Too late now doth wretched Jehoram turn his chariot and flee, and cry, Treason, 0 Ahaziah! There was treason before, O Jehoram! thy treason against the majesty of God is now revenged by the treason of Jehu against thee.
That fatal shaft, notwithstanding the swift pace of both the chariots, is directed to the heart of Jehoram ; there is no erring of those feathers which are guided by the hand of destiny,
How just are the judgments of God! it was in the field of Naboth wherein Jehoram met with Jehu ; that very ground called to him for blood. And now this new avenger remembers that prophecy which he heard out of the mouth of Elijah, in that very place, following the heels of Ahab, and is careful to perform it. Little did Jehu think, when he heard that message of Elijah, that his hands should act it. Now, as zealous of accomplishing the word of a prophet, he gives charge to Bidkar, his captain, that the bleeding carcass of Jehoram should be cast upon that very plat of Naboth. Oh Naboth's blood well paid for! Ahab's blood is licked by dogs, in the very place where those dogs licked Naboth's; Jehoram's blood shall manure that ground which was wrung from Naboth, and Jezebel shall add to this compost. Oh garden of herbs dearly bought, royally dunged !
What a resemblance there is betwixt the death of the father and the son, Ahab and Jehoram! both are slain in their chariot, both with an arrow, both repay their blood to Naboth: and how perfect is this retaliation ! not only Naboth miscarried in that cruel injustice, but his sons also; else the inheritance of the vineyard had descended to his heirs, notwithstanding his pretended offence. And now, not only Ahab forfeits his blood to this field, but his son Jehoram also. Face doth not more answer to face than punishment to sin.
It was time for Ahaziah, king of Judah, to flee. Nay, it had been time long before to have fled from the sins, yea from the house of Ahab. That brand is fearful which God sets upon him ; “ He did evil in the sight of the Lord, as did the house of Ahab,” for he was the son-in-law of the house of Ahab. Affinity is too often guilty of corruption: the son of good Jehoshaphat is lost in Ahab's daughter.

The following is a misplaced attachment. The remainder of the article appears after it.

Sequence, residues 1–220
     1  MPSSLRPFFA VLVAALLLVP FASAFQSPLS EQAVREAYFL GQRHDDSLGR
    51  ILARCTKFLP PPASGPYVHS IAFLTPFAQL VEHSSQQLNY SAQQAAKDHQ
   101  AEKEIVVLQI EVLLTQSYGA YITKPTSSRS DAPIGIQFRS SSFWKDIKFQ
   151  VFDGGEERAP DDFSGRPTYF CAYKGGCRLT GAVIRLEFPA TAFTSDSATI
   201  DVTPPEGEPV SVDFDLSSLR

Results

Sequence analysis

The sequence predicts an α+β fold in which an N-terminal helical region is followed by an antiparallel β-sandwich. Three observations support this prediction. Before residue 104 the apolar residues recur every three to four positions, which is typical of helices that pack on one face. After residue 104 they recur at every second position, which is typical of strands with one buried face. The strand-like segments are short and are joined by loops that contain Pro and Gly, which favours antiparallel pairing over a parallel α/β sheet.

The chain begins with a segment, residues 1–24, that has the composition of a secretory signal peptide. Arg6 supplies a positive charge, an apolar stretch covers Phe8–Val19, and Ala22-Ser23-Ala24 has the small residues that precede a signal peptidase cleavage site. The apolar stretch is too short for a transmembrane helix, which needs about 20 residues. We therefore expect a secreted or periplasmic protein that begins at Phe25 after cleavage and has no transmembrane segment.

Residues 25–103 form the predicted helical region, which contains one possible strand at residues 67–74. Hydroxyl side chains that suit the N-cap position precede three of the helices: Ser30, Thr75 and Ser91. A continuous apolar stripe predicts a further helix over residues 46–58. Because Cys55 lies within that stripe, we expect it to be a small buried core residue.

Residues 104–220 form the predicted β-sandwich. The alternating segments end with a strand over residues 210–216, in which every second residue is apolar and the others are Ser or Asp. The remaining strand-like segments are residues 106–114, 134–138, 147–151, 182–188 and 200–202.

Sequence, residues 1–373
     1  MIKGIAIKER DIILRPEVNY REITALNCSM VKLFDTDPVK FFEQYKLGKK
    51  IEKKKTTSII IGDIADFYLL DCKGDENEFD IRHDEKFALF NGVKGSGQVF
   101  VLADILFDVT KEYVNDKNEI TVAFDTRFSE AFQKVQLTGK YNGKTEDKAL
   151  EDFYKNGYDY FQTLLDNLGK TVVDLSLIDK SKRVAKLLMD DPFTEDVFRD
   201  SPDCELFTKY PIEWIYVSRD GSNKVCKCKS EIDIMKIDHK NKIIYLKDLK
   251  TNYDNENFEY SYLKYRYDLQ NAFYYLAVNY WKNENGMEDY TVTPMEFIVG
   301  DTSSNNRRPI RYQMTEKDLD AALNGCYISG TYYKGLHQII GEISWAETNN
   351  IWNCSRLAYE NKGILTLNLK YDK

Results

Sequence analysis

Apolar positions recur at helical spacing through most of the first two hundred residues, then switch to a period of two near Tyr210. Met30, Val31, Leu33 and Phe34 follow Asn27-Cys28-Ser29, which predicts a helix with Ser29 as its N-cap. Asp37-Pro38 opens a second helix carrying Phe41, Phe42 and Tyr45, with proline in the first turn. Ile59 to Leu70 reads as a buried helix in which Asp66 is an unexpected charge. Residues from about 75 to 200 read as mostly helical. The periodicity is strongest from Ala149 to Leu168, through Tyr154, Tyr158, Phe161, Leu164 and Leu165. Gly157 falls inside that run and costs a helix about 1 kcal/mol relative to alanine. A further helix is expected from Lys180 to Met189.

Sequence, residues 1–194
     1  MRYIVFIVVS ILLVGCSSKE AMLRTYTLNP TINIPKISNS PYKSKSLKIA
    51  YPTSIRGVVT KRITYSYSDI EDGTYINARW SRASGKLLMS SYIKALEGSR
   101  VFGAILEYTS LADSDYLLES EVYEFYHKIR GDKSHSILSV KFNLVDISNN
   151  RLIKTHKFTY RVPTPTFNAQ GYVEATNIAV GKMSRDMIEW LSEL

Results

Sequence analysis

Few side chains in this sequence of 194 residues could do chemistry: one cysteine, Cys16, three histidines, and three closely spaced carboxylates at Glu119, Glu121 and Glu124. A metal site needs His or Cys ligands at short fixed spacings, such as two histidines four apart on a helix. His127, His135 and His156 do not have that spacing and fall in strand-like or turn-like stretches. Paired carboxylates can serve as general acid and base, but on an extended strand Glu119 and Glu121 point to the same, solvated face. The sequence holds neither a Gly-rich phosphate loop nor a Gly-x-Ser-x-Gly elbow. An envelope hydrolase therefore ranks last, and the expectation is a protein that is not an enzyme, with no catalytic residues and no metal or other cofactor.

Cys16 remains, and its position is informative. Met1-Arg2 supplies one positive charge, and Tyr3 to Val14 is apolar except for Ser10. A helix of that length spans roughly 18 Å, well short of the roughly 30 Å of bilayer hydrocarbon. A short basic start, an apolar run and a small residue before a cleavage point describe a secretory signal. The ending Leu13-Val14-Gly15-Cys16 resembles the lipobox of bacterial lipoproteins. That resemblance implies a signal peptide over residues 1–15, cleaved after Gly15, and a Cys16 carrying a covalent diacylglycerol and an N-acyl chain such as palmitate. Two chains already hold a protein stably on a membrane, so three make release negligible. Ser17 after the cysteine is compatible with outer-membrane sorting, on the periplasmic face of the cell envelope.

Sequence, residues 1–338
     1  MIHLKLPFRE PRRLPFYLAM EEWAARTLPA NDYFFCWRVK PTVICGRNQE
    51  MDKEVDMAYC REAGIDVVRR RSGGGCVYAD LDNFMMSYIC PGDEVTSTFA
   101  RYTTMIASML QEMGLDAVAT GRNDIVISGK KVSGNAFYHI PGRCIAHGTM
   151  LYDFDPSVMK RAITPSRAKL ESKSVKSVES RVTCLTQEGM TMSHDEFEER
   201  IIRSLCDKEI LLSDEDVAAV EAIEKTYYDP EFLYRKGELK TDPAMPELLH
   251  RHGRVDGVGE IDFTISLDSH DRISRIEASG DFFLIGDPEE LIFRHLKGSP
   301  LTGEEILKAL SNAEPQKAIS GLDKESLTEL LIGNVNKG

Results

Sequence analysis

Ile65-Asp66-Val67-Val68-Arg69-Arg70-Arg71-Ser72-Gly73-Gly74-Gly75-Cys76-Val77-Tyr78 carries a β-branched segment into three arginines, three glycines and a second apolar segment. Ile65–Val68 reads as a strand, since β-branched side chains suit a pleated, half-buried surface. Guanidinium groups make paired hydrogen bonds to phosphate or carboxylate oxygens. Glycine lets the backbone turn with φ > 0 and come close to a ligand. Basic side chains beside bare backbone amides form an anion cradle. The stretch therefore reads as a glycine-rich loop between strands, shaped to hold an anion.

Now he pays for his kind alliance, accompanying the son of Ahab in his death, whom he consorted with in his idolatry. Young Ahaziah was scarce warm in his throne, when the mis-matched blood of Athaliah is required from him. Nothing is more dangerous than to be imped in a wicked family; this relation too often draws in a share both of sin and punishment.
Who would not have looked that Jezebel, hearing of this bloody end of her son, and pursuit of her ally, and the fearful proceedings of this prosperous conspiracy, should have put herself into sackcloth and
ashes ; and now finding no means either of defence or escape should have cast herself into such a posture of humiliation, as might have moved the compassion of Jehu ? Her proud heart could not suddenly learn to stoop; rather she recollects her high spirits, and, instead of humbling her soul by repentance, and addressing herself for an imminent death, she pranks up her old carcass, and paints her wrinkled face, and, as one that vainly hopes to daunt the courage of an usurper, by the sudden beams of majesty, she looks out, and thinks to fright him with the challenge of a traitor, whose either mercy or justice could not be avoided. Extremity finds us such as our peace leaves
Our last thoughts are spent upon that we care most for. Those that have regarded their face more than their soul, in their latter end are more taken up with desire of seeming fair, than being happy. It is no marvel, if a heart obdured with a custom of sin, shut up gracelessly. Counterfeit beauty agrees well with inward uncleanness.
Jehu's resolution was too strongly settled to be removed with a painted face, or an opprobrious tongue. He looks up to the window and says, “Who is on my side, who?" There want not those every where which will be ready to observe prevailing greatness. Two or three eunuchs look out; he hids them “throw her down;" they instantly lay hold on their lately adored mistress, and, notwithstanding all her shrieks and prayers, cast her down headlong into the street.
What heed is to be taken of the deep professed services of hollow-hearted followers ! all this while they have humbly, with smiles and officious devotions, fawned upon their great queen; now, upon the call of a prosperous enemy, they forget their respects, her royalty, and cast her down, as willing executioners, into the jaws of a fearful death. It is hard for greatness to know them whom it may trust : perhaps the fairest semblance is from the falsest heart. It was a just plague of God upon wicked Jezebel, that she was